• endothelial cells;
  • antibodies;
  • vasculitis;
  • neutrophils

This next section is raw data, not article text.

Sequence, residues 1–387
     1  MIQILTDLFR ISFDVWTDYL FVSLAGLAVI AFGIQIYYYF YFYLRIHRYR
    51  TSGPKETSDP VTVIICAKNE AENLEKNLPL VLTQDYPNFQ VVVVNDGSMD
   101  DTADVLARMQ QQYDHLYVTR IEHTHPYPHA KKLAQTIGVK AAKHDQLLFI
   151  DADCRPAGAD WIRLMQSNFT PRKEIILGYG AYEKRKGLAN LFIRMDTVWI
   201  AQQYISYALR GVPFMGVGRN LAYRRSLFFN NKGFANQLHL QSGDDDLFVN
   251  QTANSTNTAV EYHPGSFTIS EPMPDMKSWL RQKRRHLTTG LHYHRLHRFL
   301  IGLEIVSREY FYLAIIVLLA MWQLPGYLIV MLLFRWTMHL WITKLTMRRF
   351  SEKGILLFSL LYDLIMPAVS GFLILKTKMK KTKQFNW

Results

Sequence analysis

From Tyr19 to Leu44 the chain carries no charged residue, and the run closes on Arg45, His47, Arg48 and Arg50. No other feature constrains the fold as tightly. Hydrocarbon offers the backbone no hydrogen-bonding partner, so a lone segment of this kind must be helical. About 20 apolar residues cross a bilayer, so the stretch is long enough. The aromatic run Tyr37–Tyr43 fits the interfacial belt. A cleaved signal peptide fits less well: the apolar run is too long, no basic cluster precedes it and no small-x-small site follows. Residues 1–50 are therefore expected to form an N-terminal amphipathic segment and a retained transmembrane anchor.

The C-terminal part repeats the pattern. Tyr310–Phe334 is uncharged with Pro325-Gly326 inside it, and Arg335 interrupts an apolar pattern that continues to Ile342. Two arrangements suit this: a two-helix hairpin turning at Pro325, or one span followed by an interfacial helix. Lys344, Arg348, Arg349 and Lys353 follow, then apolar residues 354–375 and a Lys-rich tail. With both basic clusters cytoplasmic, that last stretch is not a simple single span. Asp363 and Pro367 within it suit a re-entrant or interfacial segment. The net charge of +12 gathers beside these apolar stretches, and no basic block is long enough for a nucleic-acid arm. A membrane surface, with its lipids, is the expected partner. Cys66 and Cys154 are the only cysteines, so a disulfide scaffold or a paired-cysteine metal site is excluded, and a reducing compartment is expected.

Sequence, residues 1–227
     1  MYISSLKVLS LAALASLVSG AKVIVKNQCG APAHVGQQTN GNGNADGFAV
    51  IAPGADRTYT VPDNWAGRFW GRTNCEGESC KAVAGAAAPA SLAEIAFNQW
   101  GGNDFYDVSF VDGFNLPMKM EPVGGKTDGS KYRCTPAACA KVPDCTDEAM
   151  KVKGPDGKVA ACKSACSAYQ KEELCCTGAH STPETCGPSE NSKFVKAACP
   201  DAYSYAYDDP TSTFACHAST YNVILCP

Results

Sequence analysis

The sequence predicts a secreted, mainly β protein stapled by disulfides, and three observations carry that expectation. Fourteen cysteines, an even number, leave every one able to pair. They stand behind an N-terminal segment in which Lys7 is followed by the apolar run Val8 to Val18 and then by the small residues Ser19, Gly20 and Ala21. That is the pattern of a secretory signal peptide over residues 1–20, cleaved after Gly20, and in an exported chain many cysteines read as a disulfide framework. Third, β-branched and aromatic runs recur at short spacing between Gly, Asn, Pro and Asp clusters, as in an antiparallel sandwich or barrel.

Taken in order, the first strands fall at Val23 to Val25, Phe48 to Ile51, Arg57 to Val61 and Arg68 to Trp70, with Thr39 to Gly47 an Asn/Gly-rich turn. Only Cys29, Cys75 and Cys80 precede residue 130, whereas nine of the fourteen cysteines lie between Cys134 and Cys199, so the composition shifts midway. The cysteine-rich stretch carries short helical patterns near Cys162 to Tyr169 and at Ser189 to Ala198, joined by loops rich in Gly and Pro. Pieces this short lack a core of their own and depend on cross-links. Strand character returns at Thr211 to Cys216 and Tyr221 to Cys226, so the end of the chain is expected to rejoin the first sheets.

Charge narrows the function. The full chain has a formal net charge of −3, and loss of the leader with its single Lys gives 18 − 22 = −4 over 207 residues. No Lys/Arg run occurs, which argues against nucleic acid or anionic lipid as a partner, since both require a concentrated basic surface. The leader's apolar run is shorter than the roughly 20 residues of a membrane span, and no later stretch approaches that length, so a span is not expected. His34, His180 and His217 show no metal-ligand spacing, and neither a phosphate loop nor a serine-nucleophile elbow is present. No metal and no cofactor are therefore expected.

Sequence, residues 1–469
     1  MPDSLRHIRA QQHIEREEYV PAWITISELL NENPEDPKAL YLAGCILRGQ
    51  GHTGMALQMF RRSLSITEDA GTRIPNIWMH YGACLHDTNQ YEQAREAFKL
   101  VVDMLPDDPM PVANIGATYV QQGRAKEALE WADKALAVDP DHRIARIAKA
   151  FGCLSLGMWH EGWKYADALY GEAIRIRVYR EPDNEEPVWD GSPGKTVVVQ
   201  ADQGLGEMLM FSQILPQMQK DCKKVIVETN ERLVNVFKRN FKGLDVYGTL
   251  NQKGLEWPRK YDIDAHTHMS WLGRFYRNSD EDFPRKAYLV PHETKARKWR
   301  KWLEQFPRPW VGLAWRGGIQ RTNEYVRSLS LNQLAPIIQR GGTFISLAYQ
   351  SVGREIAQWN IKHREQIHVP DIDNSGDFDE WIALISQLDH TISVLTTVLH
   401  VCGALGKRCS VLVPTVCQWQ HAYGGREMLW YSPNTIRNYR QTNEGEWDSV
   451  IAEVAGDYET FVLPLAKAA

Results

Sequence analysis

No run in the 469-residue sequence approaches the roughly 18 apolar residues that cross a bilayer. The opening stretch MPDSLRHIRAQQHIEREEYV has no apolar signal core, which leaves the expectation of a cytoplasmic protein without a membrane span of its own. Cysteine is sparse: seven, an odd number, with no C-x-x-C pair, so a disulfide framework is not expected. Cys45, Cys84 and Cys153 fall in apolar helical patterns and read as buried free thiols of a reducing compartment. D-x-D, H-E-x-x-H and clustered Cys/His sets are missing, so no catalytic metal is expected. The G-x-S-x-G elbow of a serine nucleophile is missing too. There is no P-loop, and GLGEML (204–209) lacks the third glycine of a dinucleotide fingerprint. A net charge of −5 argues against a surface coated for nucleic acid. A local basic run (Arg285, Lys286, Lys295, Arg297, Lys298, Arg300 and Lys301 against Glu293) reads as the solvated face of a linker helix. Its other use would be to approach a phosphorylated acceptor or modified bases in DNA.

To define mechanisms of vascular injury in Wegener's granulomatosis and microscopic potyarteritis, anti-endothelial cell antibodies (AECA) were sought in serum from 168 patients, all of whom had anti-neutrophil cytoplasm antibodies (ANCA) detectable by indirect immunofluorescence. Using an ELISA with human umbilical vein endothelial cells (HUVEC), IgG AECA were demonstrated in 59% and IgM AECA in 68% of patients. Pretreatment of HUVEC with tumour necrosis factor (TNF). IL-1 or interferon-gamma (IFN-γ) led to increased binding. Adsorption of AECA/ANCA-containing serum with HUVEC or neutrophils demonstrated that AECA and ANCA recognized different targets, von Willebrand factor (vWf) antigen levels in the patient samples were markedly elevated, with a mean of 3-10+ 1-89 U/ml (control population mean 1-04 + 0-36 U/ml). suggesting widespread endothelial cell damage. Studies using an’ In-labelled HUVEC release assay with 29 AECA-containing sera did not demonstrate complement-mediated cytotoxicity. even following activation of HUVEC with TNF. Four out of 16 AECA-containing sera tested showed antibody-dependent cellular cytotoxicity with unfractionated peripheral blood mononuclear cells. These data suggest that patients with Wegener's granulomatosis or microscopic polyarteritis can develop AECA to constitutively expressed but cytokine modulated determinants on HUVEC. These antibodies do not appear to support complement-mediated cytotoxicity. but a proportion can support antibody-dependent cellular cytotoxicity, suggesting that they may contribute to vascular injury.